Consolidating Healthcare: New York is the Latest State to Review Healthcare Transactions 

Updated on May 26, 2023

Authors: Jane Yoon, Stacy Hopkins, Dhara Satija, Henry Finkelstein and Jennifer Yount

On May 3, 2023, New York joined a growing number of states to enact legislation aimed at providing increased oversight of and visibility into healthcare transactions at a time when federal review has been rigorous.  The amendment to Article 45-A of the New York Public Health Law (“NYPHL”)—which goes into effect on August 1, 2023—requires “health care entities” to provide notice of certain information to the New York State Department of Health (“NYDOH”) prior to closing “material transactions.”  This trend of state law scrutiny has compliance and enforcement implications for private equity firms in the healthcare space.

NYPHL Article 45-A

Article 45-A only applies to “material transactions” involving “health care entities.”  “Material transactions” are defined as any of the following, occurring during a single transaction or in a series of transactions occurring during a one year period:

·         A merger with a healthcare entity;

·         An acquisition of one or more healthcare entities, including but not limited to the assignment, sale, or other conveyance of assets, voting securities, membership, or partnership interests or the transfer of control;

·         An affiliation agreement or contract formed between a healthcare entity and another person; or

·         The formation of a partnership, joint venture, accountable care organization, parent organization, or management services organization for the purpose of administering contracts with health plans, third-party administrators, pharmacy benefit managers, or healthcare providers as prescribed by the commissioner by regulation.[1]

Expressly excluded from the definition of “material transactions” are:

·         Certain transactions involving healthcare entities affiliated with clinical trials or graduate medical education programs;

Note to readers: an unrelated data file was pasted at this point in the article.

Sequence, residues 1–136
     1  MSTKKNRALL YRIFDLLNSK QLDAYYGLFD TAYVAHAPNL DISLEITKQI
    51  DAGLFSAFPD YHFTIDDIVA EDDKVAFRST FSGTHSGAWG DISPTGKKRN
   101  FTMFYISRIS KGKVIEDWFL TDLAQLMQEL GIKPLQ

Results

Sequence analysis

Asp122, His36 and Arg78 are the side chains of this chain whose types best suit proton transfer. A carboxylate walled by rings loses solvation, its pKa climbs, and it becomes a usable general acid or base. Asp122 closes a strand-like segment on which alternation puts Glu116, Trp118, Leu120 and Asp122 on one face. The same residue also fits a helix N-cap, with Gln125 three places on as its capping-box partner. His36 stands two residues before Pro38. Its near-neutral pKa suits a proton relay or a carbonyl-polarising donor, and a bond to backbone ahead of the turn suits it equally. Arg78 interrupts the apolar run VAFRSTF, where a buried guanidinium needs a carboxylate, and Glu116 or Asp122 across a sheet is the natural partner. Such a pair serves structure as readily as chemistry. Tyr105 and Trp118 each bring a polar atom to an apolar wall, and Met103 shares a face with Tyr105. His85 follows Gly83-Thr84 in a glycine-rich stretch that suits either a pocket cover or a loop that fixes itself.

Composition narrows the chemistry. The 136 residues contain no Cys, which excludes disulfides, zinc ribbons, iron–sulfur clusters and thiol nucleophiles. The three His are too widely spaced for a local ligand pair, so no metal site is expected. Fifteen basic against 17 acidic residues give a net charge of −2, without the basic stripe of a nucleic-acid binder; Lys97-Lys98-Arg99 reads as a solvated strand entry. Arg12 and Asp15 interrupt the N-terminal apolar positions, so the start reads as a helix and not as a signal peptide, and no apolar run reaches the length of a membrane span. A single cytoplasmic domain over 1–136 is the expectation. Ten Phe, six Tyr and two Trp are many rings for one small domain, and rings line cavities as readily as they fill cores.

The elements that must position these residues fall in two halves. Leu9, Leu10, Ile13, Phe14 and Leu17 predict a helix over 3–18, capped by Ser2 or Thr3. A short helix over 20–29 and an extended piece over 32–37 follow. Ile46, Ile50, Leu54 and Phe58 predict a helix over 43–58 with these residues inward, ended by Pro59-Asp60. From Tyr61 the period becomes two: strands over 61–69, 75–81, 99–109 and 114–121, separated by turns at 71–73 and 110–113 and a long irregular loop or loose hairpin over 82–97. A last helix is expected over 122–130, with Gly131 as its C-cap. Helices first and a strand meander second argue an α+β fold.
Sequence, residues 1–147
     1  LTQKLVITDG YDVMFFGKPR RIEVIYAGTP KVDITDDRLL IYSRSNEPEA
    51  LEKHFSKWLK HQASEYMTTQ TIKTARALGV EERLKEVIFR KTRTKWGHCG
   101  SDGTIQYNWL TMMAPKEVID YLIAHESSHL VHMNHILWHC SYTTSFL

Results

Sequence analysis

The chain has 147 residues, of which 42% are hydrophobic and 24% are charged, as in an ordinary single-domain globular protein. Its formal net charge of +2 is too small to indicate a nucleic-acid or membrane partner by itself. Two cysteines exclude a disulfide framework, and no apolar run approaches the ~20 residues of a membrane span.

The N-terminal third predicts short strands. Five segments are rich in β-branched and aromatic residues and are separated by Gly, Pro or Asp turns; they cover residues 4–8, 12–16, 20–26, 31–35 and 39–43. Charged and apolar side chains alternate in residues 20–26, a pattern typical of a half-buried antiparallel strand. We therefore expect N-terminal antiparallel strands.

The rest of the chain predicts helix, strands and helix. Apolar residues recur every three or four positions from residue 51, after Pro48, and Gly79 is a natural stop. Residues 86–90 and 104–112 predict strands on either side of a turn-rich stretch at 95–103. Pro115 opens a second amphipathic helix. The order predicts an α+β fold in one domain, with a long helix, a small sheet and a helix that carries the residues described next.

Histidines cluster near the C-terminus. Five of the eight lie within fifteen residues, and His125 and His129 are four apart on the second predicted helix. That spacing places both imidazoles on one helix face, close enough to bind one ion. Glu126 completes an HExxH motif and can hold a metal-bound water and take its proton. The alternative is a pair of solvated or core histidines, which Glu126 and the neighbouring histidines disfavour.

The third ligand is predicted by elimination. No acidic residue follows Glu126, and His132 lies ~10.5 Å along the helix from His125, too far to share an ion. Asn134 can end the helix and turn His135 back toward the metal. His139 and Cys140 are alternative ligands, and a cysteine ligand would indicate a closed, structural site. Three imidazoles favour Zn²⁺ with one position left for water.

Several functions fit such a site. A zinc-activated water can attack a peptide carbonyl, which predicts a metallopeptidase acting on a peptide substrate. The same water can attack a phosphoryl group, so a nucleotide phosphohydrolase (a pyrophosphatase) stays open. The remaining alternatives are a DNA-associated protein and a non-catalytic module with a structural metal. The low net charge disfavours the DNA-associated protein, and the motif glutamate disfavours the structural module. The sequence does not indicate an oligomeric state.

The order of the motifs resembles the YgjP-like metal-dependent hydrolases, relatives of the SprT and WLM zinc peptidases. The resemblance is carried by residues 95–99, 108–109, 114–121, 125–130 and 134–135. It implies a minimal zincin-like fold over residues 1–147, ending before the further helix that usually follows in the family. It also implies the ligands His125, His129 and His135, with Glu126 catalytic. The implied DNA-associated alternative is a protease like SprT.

·         Transactions already subject to the NYPHL’s or Insurance Laws’ certificate of need or insurance approval process; and 

·         “De minimis” transactions, which are defined as transactions resulting in a healthcare entity increasing its total gross revenues by less than $25 million.[2]

“Health care entities” are defined as physician practices, physician groups, management service organizations (“MSOs”) or similar entities, provider-sponsored organizations, health insurance plans, and healthcare facilities.  Expressly excluded from the definition of “health care entity” are pharmacy benefit managers (“PBMs”) and insurers licensed to do business in the state of New York.

If a transaction triggers Article 45-A, a “health care entity” must provide at least 30-days’ notice of the following to the NYDOH prior to closing the transaction:

·         Names and addresses of the parties to the material transaction;

·         Copies of definitive agreements governing the terms of the material transaction;

·         Identification of all locations where healthcare services are currently provided by each party and the revenue generated in the state from such locations;

·         Any plans to reduce or eliminate services and/or participation in plan networks;

·         The material transaction’s closing date; and

·         A brief description of the nature and purpose of the material transaction.[3]

Trend of Increased State Scrutiny

New York is the latest state to enact or propose legislation targeted at providing regulatory oversight of healthcare-related transactions.  Over the last decade, at least ten states—California, Connecticut, Delaware, Georgia, Massachusetts, Nevada, New Jersey, Oregon, Rhode Island, and Washington—have enacted similar legislation.  In 2023 alone, at least six additional states—Illinois, Maine, Minnesota, North Carolina, Pennsylvania, and Texas—have proposed similar legislation.

Private Equity and the Consolidation of the Healthcare Sector

This recent slate of state laws evidence a growing trend towards state involvement in a historically federal space of antitrust enforcement, and they come at a time of great change for—and mixed messages in—federal antitrust oversight into a sector with increased consolidation and private equity interest.  Both federal and state regulators have been taking note.

According to the Office of Inspector General for the Department of Health and Human Services (“HHS OIG”), over the past decade, private equity has engaged in approximately 8,000 deals in the healthcare sector worth more than $1 trillion.[4]  In 2020, healthcare was the second leading sector for private equity investments, totaling 18 percent of all private equity funding.[5]  In 2022, over 450 private equity firms engaged in buyouts and acquisitions in the healthcare sector.[6]  This increased consolidation of the healthcare sector has caught the eyes of state and federal regulators keen on protecting local and national healthcare markets.